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Fellowship story

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The Santa Cruz Sentinel's Megha Satayanarayana reports on health care issues facing the Spanish-speaking communities of South Santa Cruz County.

Part One: Silver Smiles

Part Two: Alone with Autism, Latino families struggle with the mysterious illness

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A child's lifestyle, diet and genetics all play a role in their health, but the biggest obstacle to a child receiving good nutrition is socioeconomic.

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Southern Arizona children are suffering from adult afflictions — and doctors blame it on a troubling surge in childhood obesity.

In Arizona 31 percent of children between the ages of 10 and 17 are overweight or obese, experts say.

Lifestyle, diet and genetics play a role, but the biggest common denominator among them is socioeconomic.

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The Portland Tribune's Peter Korn takes a look at why some Oregon residents are turning to naturopathic doctors for their primary care.

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Dr. Manoj Jain takes a look at the patient doctor surveys that were conducted in Memphis and gives a doctor's point of view on choosing a primary care physician.

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A growing national movement seeks to connect ex-offenders with health care services. Many people say it makes financial sense. Some say it can possibly reduce crime.

Picture of Caitlan Carroll

Medical training covers very little on how to confront dying and death with their patients and their families. Marketplace's Caitlan Carroll visits the San Diego Hospice and the Institute for Palliative Medicine, where they are training physicians on how to tailor care around patients' last wishes.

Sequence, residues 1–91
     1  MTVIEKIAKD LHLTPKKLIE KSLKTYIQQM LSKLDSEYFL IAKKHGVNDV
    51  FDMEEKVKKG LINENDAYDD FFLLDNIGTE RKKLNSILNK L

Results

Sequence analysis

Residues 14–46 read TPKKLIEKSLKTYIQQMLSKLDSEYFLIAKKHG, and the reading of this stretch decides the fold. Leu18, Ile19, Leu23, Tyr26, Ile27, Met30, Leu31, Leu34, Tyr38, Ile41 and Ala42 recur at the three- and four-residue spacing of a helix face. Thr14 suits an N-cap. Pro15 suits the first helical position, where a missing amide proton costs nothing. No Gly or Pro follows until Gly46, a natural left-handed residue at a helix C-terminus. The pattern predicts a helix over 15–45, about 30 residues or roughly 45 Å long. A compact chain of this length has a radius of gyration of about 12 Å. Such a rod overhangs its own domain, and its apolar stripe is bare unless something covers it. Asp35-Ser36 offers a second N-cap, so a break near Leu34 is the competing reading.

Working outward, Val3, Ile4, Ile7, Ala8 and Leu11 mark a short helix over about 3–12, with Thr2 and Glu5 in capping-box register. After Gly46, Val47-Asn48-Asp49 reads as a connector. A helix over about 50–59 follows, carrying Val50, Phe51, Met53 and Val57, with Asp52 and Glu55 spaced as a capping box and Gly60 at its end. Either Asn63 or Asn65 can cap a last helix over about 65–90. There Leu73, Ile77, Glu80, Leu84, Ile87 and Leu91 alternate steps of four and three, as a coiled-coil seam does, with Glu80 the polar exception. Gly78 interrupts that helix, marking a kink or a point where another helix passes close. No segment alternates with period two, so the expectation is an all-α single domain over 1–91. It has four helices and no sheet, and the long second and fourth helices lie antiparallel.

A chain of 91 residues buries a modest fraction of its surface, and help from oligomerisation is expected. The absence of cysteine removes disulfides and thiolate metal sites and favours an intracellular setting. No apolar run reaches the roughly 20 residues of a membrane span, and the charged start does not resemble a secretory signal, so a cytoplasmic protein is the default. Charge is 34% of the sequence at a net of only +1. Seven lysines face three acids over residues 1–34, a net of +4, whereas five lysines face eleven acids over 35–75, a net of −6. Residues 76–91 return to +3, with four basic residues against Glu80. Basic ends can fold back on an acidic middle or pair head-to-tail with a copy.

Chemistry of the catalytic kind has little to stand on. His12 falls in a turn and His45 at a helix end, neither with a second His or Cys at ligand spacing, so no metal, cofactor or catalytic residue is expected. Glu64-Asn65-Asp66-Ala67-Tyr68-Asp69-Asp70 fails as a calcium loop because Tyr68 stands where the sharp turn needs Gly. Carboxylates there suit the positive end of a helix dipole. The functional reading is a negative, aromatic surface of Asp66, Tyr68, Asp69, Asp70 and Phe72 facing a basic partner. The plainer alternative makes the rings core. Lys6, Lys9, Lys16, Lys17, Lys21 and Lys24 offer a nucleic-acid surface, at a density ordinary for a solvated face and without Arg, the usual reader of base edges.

Picture of Caitlan Carroll

End-of-life care is often the most expensive health care. Many people, when given the option, choose to opt out of experimental therapies and drugs as they approach death, but the current health care system structure incentivizes more care instead of less. So patients' wishes often get left out of the equation.

Picture of Eduardo A. de Oliveira

Children from low-income families may be able to take advantage of government funds for health care. Some obstacles may prevent these families from using these funds, like language knowledge and immigration status. Eduardo A. de Oliveira reports.

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When someone living in New York's West African Communities shows signs of mental illness, friends and family don't send the individual to a doctor. The community gathers up enough money to send them to Africa for treatment. Laura Starecheski reports from New York.

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The nation’s overdose epidemic has entered a devastating new phase. Drugs laced with fentanyl and even more poisonous synthetics have flooded the streets, as the crisis spreads well beyond the rural, largely white communities that initially drew attention. The death rate is escalating twice as fast among Black people than among white people. This webinar will give journalists deep insights, fresh story ideas and practical tips for covering an epidemic that killed more than 107,000 people in the U.S. last year. Sign-up here!

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